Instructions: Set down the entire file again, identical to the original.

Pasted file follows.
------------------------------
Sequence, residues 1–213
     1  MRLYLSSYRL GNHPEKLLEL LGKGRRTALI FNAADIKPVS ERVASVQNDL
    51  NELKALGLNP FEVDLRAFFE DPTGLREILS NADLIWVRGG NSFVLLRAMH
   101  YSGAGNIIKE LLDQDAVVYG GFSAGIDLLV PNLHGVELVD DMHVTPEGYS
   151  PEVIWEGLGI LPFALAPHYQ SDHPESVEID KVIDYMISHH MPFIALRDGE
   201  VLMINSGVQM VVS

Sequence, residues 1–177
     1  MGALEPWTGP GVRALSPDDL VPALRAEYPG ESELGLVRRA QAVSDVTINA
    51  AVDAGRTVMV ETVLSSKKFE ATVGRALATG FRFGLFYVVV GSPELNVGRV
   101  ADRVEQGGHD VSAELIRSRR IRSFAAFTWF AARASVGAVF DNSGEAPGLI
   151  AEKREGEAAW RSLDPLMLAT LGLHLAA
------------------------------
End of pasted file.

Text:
Sequence, residues 1–213
     1  MRLYLSSYRL GNHPEKLLEL LGKGRRTALI FNAADIKPVS ERVASVQNDL
    51  NELKALGLNP FEVDLRAFFE DPTGLREILS NADLIWVRGG NSFVLLRAMH
   101  YSGAGNIIKE LLDQDAVVYG GFSAGIDLLV PNLHGVELVD DMHVTPEGYS
   151  PEVIWEGLGI LPFALAPHYQ SDHPESVEID KVIDYMISHH MPFIALRDGE
   201  VLMINSGVQM VVS

Sequence, residues 1–177
     1  MGALEPWTGP GVRALSPDDL VPALRAEYPG ESELGLVRRA QAVSDVTINA
    51  AVDAGRTVMV ETVLSSKKFE ATVGRALATG FRFGLFYVVV GSPELNVGRV
   101  ADRVEQGGHD VSAELIRSRR IRSFAAFTWF AARASVGAVF DNSGEAPGLI
   151  AEKREGEAAW RSLDPLMLAT LGLHLAA